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Trends: Aboriginal and Torres Strait Islander Peoples

Aboriginal and Torres Strait Islander adults

Last updated 06-06-2019

A higher proportion of Aboriginal and Torres Strait Islander people are overweight and obese, compared to non-Indigenous Australians. Few Aboriginal and Torres Strait Islander people meet dietary recommendations for intake of healthy foods.

Key Evidence

01

72.4% of Indigenous adults are overweight or obese, compared to 62.6% non-Indigenous (age-standardised)

02

45.7% of Indigenous women are obese, compared to 26.9% non-Indigenous (age-standardised)

03

42.4% of total daily energy intake for Indigenous 19 to 30-year-olds is from discretionary foods

04

35% of Indigenous adults in non-remote areas are sufficiently active for health

Overweight and obesity by indigenous status

Australian Bureau of Statistics. 4727.0.55.006 - Australian Aboriginal and Torres Strait Islander Health Survey: Updated Results, 2012–13. 2014. Table 8.3.

Proportions have been age standardised to the 2001 Australian Estimated Resident Population to account for differences in the age structure of the two populations.

Indigenous Non-indigenous

In 2012–13, more than two-thirds (72.4%) of Aboriginal and Torres Strait Islander people aged 18 years and over were either overweight (29.9%) or obese (42.5%), when standardised for age to reflect differences in the age structure of the population. Indigenous adults were 1.2 times as likely to be overweight or obese as non-Indigenous people and 1.6 times as likely to be obese.1

Overweight and obesity by gender

In 2012-13, a similar proportion of Aboriginal and Torres Strait Islander women and non-Indigenous women were overweight, but a higher proportion of Aboriginal and Torres Strait Islander women were obese. When compared to non-Indigenous men, fewer Aboriginal and Torres Strait Islander men were overweight but more were obese.1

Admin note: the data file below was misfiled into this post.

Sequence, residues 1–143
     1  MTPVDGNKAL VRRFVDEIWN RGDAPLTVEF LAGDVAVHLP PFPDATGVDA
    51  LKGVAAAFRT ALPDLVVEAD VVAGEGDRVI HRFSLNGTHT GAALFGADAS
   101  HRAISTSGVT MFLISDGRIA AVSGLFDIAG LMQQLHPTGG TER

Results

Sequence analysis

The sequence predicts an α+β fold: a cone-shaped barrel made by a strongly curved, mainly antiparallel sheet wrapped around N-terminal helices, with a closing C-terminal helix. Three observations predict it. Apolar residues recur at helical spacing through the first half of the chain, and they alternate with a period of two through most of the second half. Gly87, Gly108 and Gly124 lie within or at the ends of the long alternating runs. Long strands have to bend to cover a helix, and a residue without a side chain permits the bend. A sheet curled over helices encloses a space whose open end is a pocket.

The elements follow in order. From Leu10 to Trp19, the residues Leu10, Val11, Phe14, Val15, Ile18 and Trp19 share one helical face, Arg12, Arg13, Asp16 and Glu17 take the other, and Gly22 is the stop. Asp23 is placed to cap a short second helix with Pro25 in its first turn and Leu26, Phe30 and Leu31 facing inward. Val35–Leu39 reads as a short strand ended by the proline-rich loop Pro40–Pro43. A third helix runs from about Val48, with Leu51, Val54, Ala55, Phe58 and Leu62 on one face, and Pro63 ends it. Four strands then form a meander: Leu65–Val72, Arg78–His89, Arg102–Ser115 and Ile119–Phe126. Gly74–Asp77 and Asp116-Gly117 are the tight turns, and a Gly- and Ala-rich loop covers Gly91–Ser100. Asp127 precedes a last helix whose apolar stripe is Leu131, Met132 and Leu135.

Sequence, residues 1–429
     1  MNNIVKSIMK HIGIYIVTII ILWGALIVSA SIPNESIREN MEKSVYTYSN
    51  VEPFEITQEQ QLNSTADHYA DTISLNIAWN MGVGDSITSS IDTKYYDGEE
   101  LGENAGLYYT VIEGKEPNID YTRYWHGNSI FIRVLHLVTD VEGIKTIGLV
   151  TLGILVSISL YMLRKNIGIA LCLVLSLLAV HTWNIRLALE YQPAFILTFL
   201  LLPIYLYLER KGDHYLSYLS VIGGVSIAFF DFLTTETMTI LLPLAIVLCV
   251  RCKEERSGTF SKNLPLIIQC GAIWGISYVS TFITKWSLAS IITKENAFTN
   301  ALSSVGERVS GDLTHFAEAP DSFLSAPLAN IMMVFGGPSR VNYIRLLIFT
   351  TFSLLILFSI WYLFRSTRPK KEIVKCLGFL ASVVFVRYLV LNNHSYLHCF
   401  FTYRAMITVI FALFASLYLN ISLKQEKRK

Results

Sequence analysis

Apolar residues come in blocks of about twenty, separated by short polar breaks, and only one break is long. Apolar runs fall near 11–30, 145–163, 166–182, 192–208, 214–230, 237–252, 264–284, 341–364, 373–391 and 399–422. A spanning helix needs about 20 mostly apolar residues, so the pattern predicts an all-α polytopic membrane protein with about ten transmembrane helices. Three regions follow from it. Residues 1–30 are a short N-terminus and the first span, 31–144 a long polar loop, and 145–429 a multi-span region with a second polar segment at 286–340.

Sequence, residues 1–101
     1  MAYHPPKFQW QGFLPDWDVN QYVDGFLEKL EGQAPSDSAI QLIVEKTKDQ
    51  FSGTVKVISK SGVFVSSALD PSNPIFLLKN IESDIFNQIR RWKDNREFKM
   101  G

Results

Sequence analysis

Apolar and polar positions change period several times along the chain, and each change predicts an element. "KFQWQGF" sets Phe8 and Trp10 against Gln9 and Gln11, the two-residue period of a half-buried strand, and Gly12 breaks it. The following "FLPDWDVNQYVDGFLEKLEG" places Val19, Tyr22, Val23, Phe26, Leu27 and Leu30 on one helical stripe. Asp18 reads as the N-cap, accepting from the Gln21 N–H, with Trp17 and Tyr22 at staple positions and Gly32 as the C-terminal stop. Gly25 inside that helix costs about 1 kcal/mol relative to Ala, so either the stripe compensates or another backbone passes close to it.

Weight status: women

Australian Bureau of Statistics. 4727.0.55.006 - Australian Aboriginal and Torres Strait Islander Health Survey: Updated Results, 2012–13. 2014. Table 8.3.

Proportions have been age-standardised to the 2001 Australian Estimated Resident Population to account for differences in the age structure of the two populations.

Indigenous Non-indigenous

Weight status: men

Australian Bureau of Statistics. 4727.0.55.006 - Australian Aboriginal and Torres Strait Islander Health Survey: Updated Results, 2012–13. 2014. Table 8.3.

Proportions have been age-standardised to the 2001 Australian Estimated Resident Population to account for differences in the age structure of the two populations.

Indigenous Non-indigenous

Diet

In 2011-13, Aboriginal and Torres Strait Islander adults consumed a higher percentage of daily energy intake from discretionary foods, compared to non-Indigenous adults.2

Food group consumption by serve

In 2011-13, Aboriginal and Torres Strait Islander adults consumed fewer average serves of core foods from the five food groups, compared to non-Indigenous adults.

Australian Institute of Health and Welfare. Nutrition across the life stages. Canberra, Australia 2018. Supplementary tables S14 and S15
National Health and Medical Research Council's 2013 Australian Dietary Guidelines recommend a minimum number of serves of fruit and vegetables each day, depending on a person's age and sex, to ensure good nutrition and health.

Age Serves per day: Indigenous Serves per day: Non-indigenous Recommended serves per day: men Recommended serves per day: women
Vegetables
19-50 years 2.1 2.9 6 5
51-70 years 2.4 3.2 5.5 5
Fruit
19-50 years 1 1.4 2 2
51-70 years 0.9 1.6 2 2
Grains
19-50 years 4.2 4.7 6 6
51-70 years 3.8 4.3 6 4
Lean meats + alternatives